Salmon

salmon

Background

Historically, Atlantic salmon were plentiful in the Northeast U.S. However, they are currently at 1-5% of those historical estimates and consequently are listed under the Endangered Species Act (ESA). As anadromous fish, Atlantic salmon face many challenges during their initial hatching and two years in freshwater nursery rivers; journey through the estuaries and development of seawater tolerance; and two year feeding migration that covers 4,000 miles of marine habitat before they return to their natal (birth) streams to spawn. Some of the pressures that Atlantic salmon face include fresh water predators, warming water, dams or barriers in the stream, and marine predation.

Scientists with the Northeast Salmon Team (NEST) from NOAA's Northeast Fisheries Science Center (NEFSC) are tasked with gathering as much information as they can on the critically endangered Gulf of Maine Atlantic salmon population. These data on the critical habitat, threats, and optimal conditions required for sustainability and recovery of the species are collected to inform the team making management decisions in the hopes that the population will recover and eventually become self-sustaining.

In this lesson, students focus on the journey the salmon smolts take as they migrate "downstream" to the ocean. Students work with real telemetry data and see the various challenges these fish face on their perilous journey, the information gained from telemetry data and how we can use that information in salmon conservation. The lesson also focuses on the challenge of obstructions such as dams or roads. Not only do the fish have to either swim around the obstacle or through turbines but also artificially created pools in the river can disorient the fish and lead to increased predation as larger fish "lay in wait" for the salmon. The activity focuses on the issues with dams, asks the students to design a hydroelectric dam and bypass solution, and discusses current solutions being utilized.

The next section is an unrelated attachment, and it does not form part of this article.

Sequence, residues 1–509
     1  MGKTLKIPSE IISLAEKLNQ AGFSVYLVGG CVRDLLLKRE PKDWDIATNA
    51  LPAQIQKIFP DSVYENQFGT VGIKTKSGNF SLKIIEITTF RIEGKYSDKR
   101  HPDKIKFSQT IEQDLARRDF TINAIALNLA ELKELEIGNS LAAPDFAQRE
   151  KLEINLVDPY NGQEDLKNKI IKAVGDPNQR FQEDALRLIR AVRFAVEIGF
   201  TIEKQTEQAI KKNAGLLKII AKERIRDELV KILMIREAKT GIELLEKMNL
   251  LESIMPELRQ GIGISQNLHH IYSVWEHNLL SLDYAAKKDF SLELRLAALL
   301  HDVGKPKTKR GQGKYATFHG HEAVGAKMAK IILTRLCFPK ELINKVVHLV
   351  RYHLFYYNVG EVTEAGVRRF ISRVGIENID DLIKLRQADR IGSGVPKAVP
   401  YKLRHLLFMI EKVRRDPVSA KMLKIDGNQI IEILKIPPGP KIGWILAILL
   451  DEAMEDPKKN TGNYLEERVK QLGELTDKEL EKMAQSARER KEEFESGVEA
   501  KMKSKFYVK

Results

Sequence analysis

Lesson Plans

Grades 5-8

Lesson Plan

Lesson Slides

 

Activity Sheets/Handouts

Activity 1: Telemetry Map, Data & Sheets

Alt. Activity 1: Map, Spinner & Sheets

Activity 2: Dam Worksheet

 

This lesson meets the following Next Generation Science Standards:

  • Grades 5-8:
    1. ESS3 - Earth and Human Activity - Students will learn how human actions have affected salmon habitat and how individuals and communities have responded to the problem to protect salmon and their habitat. They will design a method for monitoring and minimizing a dam's impact on salmon migration.
    2. ETS1 - Engineering Design - The students will define the problem caused by dams in the river ways, define criteria for a successful bypass, try out multiple solutions as a group and as a class, and then evaluate the effectiveness of each design.
  • Grades 6-8:
    1. LS1 - From Molecules to Organisms: Structures and Processes - Use empirical evidence to show how salmon behavior impacts the probability of successful reproduction.
    2. LS2 - Ecosystems: Interactions, Energy and Dynamics - Construct an argument supported by empirical evidence that changes to the physical and biological components of the riverine ecosystem have affected Atlantic salmon populations.

Additional Resources

NOAA Fisheries Northeast Fisheries Science Center

This program is a collaboration between the NOAA Northeast Fisheries Science Center and Woods Hole Sea Grant.

Scientist Spotlight

Abigail ArcherAbigail Archer
Marine Resource Specialist
Woods Hole Sea Grant and Cape Cod Cooperative Extension
Abigail works with river herring in Massachusetts to track mortality and migration.

Jim HawkesJim Hawkes
Research Fishery Biologist
Northeast Fisheries Science Center
Jim uses telemetry tags in salmon smolts to monitor their movements and mortality rates.